While conventional silent piling machines require about three metres of clearance on either side and drive the piles straight down from above, the Zero Piler is designed to work alongside existing buildings and it sits on the piles at a right angle. Both pilers are vibration free and completely silent, although the engines that power them generate some noise – approximately 70dB at a distance of six metres, according to Giken project manager Duncan Collins.

The silent, low-vibration Giken piling technique was vital to prevent disturbance to the District Line tube. A Metronet engineer was on site throughout excavation and piling work and dictated how Bouygues should operate near the tunnel. A system of lasers was also set up inside the tunnel to record any movement during excavation and piling work, which was monitored at London Transport’s head office.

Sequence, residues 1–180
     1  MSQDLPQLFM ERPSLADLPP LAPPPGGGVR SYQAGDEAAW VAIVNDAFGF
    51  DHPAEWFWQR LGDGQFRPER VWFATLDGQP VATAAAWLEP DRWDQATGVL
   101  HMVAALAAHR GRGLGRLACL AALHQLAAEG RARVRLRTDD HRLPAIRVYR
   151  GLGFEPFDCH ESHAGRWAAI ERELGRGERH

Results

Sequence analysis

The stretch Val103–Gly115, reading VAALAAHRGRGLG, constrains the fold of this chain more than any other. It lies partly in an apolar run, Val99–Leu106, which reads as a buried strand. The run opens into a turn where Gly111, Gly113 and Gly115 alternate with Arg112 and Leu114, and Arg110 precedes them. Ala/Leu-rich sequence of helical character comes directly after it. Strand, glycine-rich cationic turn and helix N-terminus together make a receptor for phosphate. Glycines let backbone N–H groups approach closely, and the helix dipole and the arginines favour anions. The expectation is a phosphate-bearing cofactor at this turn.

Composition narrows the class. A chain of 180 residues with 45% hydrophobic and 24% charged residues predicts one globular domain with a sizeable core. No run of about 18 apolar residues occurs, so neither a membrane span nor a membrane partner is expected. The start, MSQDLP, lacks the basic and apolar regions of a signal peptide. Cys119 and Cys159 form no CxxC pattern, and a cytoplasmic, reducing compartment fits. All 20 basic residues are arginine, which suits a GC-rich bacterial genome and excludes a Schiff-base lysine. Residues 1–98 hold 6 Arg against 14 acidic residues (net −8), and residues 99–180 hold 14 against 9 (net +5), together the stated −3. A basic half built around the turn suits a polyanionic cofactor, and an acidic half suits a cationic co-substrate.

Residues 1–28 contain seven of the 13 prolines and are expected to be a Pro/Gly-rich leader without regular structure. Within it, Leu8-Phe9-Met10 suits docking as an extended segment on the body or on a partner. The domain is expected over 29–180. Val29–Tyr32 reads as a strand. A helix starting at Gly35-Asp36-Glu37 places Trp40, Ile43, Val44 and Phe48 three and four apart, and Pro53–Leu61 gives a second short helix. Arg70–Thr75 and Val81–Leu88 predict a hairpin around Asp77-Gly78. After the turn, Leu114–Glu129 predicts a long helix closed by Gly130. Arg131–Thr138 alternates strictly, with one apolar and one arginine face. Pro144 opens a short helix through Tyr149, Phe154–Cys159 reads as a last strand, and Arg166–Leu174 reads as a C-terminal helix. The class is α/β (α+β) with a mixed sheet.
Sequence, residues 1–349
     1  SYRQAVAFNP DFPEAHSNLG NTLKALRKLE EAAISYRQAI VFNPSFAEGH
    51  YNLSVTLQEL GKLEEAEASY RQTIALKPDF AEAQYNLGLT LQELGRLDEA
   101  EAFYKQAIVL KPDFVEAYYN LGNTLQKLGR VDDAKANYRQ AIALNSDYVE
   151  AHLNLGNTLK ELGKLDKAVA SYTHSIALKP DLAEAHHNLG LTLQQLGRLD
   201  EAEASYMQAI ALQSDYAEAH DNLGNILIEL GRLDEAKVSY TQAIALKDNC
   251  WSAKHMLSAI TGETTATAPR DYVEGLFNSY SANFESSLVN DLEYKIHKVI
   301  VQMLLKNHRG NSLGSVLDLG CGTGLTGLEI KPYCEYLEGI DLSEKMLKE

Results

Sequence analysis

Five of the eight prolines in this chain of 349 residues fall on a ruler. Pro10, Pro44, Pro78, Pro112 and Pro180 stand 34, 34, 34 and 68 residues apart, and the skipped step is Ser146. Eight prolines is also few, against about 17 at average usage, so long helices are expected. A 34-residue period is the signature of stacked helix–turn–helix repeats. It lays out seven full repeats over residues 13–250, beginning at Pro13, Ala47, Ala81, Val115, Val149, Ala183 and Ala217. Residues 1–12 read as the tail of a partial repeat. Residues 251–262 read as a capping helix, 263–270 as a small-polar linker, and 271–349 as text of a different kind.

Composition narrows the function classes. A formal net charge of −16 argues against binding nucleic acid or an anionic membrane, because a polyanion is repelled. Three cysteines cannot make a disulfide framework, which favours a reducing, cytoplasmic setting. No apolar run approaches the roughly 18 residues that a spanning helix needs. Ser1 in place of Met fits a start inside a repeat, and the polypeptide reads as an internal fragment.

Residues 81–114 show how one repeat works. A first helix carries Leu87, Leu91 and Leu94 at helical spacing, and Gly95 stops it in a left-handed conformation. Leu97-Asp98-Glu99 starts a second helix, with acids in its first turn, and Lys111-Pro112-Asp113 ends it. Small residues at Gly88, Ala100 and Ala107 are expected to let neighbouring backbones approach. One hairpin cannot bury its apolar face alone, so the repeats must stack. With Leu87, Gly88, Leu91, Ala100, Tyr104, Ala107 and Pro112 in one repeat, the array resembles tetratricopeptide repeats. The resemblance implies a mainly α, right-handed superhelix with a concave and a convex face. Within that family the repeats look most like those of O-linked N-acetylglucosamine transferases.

‘Any movement, anything at all and the entire project would have had to be stopped. If you collapsed that tunnel, the insurance would be incredible. It costs about £1m an hour to stop the London Underground,’ says Riley.

After about six weeks of piling, two 14-tonne diggers began excavating the entire building footprint down to 2.5m. As the likelihood of piling collapse increases below 2.5m, a cross-bracing frame had to be installed to allow the excavation to continue to the full 5m depth required for the sports hall.

Calum Kidd, an engineer at Bouygues UK, explains: ‘We installed a Groundforce hydraulic excavation support system 1.5m below the tops of the sheet piles. It comprises several large props craned in individually – the largest was 25m long. They are normally used for marine excavation support, but here we needed something special to reduce the risk